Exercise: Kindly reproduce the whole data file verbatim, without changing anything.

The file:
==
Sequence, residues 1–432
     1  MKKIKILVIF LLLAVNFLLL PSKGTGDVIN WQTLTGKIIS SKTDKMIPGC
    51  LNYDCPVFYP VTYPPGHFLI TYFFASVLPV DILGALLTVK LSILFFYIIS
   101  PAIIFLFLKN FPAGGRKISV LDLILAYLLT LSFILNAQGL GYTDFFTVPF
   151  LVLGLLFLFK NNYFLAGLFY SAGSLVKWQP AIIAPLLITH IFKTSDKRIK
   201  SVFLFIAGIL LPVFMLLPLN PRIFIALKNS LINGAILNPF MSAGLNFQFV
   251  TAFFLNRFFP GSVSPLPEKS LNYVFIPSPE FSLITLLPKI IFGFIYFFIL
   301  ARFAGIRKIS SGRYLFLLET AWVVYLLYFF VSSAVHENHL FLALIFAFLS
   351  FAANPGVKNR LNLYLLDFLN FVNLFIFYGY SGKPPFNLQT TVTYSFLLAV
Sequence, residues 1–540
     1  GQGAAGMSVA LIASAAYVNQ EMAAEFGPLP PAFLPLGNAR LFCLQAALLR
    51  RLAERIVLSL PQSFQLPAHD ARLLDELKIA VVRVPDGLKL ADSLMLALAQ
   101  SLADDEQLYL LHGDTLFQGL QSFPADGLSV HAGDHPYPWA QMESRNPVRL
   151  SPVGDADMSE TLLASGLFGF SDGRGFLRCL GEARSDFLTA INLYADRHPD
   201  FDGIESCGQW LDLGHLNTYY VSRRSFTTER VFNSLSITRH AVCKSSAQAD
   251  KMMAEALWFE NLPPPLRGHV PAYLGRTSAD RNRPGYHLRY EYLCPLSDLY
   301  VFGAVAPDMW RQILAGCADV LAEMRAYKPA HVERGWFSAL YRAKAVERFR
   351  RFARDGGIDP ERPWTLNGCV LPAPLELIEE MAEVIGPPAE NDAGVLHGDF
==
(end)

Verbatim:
Sequence, residues 1–432
     1  MKKIKILVIF LLLAVNFLLL PSKGTGDVIN WQTLTGKIIS SKTDKMIPGC
    51  LNYDCPVFYP VTYPPGHFLI TYFFASVLPV DILGALLTVK LSILFFYIIS
   101  PAIIFLFLKN FPAGGRKISV LDLILAYLLT LSFILNAQGL GYTDFFTVPF
   151  LVLGLLFLFK NNYFLAGLFY SAGSLVKWQP AIIAPLLITH IFKTSDKRIK
   201  SVFLFIAGIL LPVFMLLPLN PRIFIALKNS LINGAILNPF MSAGLNFQFV
   251  TAFFLNRFFP GSVSPLPEKS LNYVFIPSPE FSLITLLPKI IFGFIYFFIL
   301  ARFAGIRKIS SGRYLFLLET AWVVYLLYFF VSSAVHENHL FLALIFAFLS
   351  FAANPGVKNR LNLYLLDFLN FVNLFIFYGY SGKPPFNLQT TVTYSFLLAV
Sequence, residues 1–540
     1  GQGAAGMSVA LIASAAYVNQ EMAAEFGPLP PAFLPLGNAR LFCLQAALLR
    51  RLAERIVLSL PQSFQLPAHD ARLLDELKIA VVRVPDGLKL ADSLMLALAQ
   101  SLADDEQLYL LHGDTLFQGL QSFPADGLSV HAGDHPYPWA QMESRNPVRL
   151  SPVGDADMSE TLLASGLFGF SDGRGFLRCL GEARSDFLTA INLYADRHPD
   201  FDGIESCGQW LDLGHLNTYY VSRRSFTTER VFNSLSITRH AVCKSSAQAD
   251  KMMAEALWFE NLPPPLRGHV PAYLGRTSAD RNRPGYHLRY EYLCPLSDLY
   301  VFGAVAPDMW RQILAGCADV LAEMRAYKPA HVERGWFSAL YRAKAVERFR
   351  RFARDGGIDP ERPWTLNGCV LPAPLELIEE MAEVIGPPAE NDAGVLHGDF